Florida County Sued Over Failure to Transport Stroke Patient

The mother of woman who died from a stroke after Hillsborough County firefighters failed to transport her to the hospital because they believed she was intoxicated, has filed suit. Crystle Galloway, 30, died on July 9, 2018. She was the mother of three children.

Her mother, Nicole Black, called medics for her on July 4, 2018. When medics refused to transport her, she drove Galloway to a local medical center that was not equipped to handle a stroke patient. Despite being flown by helicopter to Tampa General Hospital, she died of an acute subarachnoid hemorrhage.

Four firefighters were disciplined over the incident, including Lt. John “Mike” Morris who was fired. Acting Lieutenant Cortney Barton and fire medics Justin Sweeney and Andrew J. Martin were suspended for 30 days without pay.

Black filed the suit last week naming the county as the sole defendant. The Tampa Bay Times quoted Black’s attorney, Herb Borroto, as saying “The goal is to take care of these children who are now motherless.”  According to the complaint:

  • On or about June 27, 2018, CRYSTLE MARIE GALLOWAY give birth to her son, Jacob Aiden Flowers, via c-section at St. Joseph’s Women’s Hospital. She was being discharged from the hospital on June 29, 2018.
  • On or about July 4, 2018 at approximately 3:02 am, NICOLE BLACK contacted the HILLSBOROUGH COUNTY FIRE RESCUE Emergency Dispatch Center via 911 to request medical assistance with her daughter, CRYSTLE MARIE GALLOWAY.
  • She advised the dispatcher that her daughter had recently given birth and that her “lip swollen” and was “drooling” out of her mouth. She also indicated she had found her passed out in the bathroom and was not able to move her to her bed.
  • At approximately 3:05 am, HILLSBOROUGH COUNTY FIRE RESCUE was dispatched to the scene. The responding units were Rescue 43 and Squad 1. The nature of the call was classified as a “stroke/CVA”.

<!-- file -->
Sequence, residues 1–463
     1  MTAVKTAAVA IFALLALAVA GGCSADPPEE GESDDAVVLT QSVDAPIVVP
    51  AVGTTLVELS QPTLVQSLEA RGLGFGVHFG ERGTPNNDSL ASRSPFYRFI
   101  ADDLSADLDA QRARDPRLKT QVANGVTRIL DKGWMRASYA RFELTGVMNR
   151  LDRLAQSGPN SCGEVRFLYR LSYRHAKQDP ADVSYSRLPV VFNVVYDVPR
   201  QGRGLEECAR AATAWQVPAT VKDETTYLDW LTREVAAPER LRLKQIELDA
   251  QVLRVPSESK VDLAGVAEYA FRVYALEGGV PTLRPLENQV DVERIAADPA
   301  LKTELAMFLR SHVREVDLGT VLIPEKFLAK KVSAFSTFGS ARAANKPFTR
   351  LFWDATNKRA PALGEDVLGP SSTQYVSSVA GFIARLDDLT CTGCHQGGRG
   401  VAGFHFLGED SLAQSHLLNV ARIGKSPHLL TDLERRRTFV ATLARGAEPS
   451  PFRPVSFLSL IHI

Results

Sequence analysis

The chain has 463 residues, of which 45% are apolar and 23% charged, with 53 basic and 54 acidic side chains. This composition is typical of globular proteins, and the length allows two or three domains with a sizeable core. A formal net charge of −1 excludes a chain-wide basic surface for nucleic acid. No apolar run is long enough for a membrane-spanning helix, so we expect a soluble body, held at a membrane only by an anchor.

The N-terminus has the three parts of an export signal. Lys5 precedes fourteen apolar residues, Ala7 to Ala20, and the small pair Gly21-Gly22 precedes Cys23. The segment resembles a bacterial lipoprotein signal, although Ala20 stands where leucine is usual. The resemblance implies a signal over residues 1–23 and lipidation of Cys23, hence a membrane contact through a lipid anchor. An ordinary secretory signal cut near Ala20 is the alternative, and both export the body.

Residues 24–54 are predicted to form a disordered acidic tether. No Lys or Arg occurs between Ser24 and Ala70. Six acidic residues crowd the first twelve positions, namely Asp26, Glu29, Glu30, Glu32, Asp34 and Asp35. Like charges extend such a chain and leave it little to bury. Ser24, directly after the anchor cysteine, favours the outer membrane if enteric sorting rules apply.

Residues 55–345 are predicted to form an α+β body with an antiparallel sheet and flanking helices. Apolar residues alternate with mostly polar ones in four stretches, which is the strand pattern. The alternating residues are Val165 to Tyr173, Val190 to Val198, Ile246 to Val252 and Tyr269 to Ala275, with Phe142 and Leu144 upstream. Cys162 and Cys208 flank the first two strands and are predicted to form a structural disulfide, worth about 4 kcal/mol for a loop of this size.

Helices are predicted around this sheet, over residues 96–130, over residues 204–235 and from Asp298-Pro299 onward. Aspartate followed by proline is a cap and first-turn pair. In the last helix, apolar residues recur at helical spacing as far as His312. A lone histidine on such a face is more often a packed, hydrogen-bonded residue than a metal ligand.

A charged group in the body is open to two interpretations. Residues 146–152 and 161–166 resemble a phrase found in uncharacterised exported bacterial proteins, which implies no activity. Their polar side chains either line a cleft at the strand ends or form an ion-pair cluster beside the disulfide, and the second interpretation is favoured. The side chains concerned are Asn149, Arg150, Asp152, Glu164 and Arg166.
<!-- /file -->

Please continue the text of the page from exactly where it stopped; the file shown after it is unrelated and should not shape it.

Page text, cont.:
• At approximately 3:17 am, Rescue 43 and Squad 1 arrived at the scene. Once upstairs, Deputies Lamb and Grace advised Morris, Martin, Barton and Sweeney that CRYSTLE MARIE GALLOWAY was having headaches, had sensitivity to light and had taken no medication or alcohol. They were also advised CRYSTLE MARIE GALLOWAY had recently had a c-section. While Morris, Martin, Barton and Sweeney where upstairs with CRYSTLE MARIE GALLOWAY, she was “hysterically crying” and complaining of a headache. She also vomited where the Rescue personnel were in the room.
  • NICOLE BLACK repeated asked Mike Morris (Lieutenant) if they were taking her daughter to the hospital. Morris responded that CRYSTLE MARIE GALLOWAY looked like she had a little “too much to drink” and there was no reason for them to transport her to the hospital.
  • He stated to NICOLE BLACK that if she wanted her daughter transported to the hospital, she could take her herself. At no time did either Morris, Martin, Barton or Sweeney take any vitals or perform any type of physical examination of CRYSTLE MARIE GALLOWAY.
  • As Morris, Martin, Barton and Sweeney were getting ready to leave and go down the stairs, NICOLE BLACK asked if they could at least help take her down the stairs.
  • A chair stair was used by the Rescue personnel to transport CRYSTLE MARIE GALLOWAY downstairs and into NICOLE BLACK’s automobile.
  • At 3:30 am, approximately 13 minutes after arriving at the scene, Rescue 43 and Squad 1 went back into service.
  • Rescue 43 reported the call/incident as “Non Transport/No Patient Found”.
  • Squad 1 reported the call/incident as “Non-Transport/Cancel”.

Here is a copy of the complaint:

More on the story.

About Curt Varone

Curt Varone has over 45 years of fire service experience and 35 as a practicing attorney licensed in both Rhode Island and Maine. His background includes 29 years as a career firefighter in Providence (retiring as a Deputy Assistant Chief), as well as volunteer and paid on call experience. He is the author of two books: Legal Considerations for Fire and Emergency Services, (2006, 2nd ed. 2011, 3rd ed. 2014, 4th ed. 2022) and Fire Officer's Legal Handbook (2007), and is a contributing editor for Firehouse Magazine writing the Fire Law column.

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